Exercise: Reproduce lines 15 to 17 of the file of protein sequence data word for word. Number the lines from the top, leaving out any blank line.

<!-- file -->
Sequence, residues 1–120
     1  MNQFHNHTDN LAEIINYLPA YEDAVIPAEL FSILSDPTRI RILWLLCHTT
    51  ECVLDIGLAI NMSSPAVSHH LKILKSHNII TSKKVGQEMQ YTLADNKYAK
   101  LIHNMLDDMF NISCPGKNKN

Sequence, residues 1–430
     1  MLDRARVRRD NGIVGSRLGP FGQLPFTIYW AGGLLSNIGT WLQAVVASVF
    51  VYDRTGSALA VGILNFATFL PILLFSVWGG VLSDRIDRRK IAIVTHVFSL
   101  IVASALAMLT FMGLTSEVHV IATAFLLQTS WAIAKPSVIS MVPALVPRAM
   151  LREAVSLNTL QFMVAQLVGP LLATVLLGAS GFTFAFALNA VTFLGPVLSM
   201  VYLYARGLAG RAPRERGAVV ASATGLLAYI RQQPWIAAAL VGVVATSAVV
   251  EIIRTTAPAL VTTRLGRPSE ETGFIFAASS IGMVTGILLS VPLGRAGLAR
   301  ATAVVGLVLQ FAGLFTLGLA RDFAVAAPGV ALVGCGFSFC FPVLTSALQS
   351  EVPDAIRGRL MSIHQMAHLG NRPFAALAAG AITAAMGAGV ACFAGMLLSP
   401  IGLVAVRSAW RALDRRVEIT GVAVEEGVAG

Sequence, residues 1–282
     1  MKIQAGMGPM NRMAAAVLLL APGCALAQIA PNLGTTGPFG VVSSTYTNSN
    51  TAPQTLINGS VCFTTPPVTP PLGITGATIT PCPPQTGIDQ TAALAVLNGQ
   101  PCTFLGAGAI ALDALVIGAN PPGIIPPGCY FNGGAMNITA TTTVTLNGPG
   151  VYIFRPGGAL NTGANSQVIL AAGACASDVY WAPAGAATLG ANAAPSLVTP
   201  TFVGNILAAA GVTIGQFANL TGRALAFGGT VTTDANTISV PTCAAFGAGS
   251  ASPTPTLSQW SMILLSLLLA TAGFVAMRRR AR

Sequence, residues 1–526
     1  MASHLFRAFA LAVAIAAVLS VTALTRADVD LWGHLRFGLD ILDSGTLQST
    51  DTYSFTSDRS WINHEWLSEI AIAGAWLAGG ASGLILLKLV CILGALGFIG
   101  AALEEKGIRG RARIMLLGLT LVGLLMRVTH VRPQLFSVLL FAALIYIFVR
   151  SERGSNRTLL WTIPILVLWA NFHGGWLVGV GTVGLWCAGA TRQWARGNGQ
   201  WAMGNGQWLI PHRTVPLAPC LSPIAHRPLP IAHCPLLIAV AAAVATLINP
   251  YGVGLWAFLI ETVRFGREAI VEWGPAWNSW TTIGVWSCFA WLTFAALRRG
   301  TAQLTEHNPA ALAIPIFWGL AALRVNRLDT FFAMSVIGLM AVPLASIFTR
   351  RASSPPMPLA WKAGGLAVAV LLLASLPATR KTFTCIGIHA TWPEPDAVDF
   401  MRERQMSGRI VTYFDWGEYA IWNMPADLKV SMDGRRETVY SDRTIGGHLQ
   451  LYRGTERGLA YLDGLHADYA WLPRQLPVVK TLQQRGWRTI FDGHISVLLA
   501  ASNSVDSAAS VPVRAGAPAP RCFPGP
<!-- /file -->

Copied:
Sequence, residues 1–282
     1  MKIQAGMGPM NRMAAAVLLL APGCALAQIA PNLGTTGPFG VVSSTYTNSN
    51  TAPQTLINGS VCFTTPPVTP PLGITGATIT PCPPQTGIDQ TAALAVLNGQ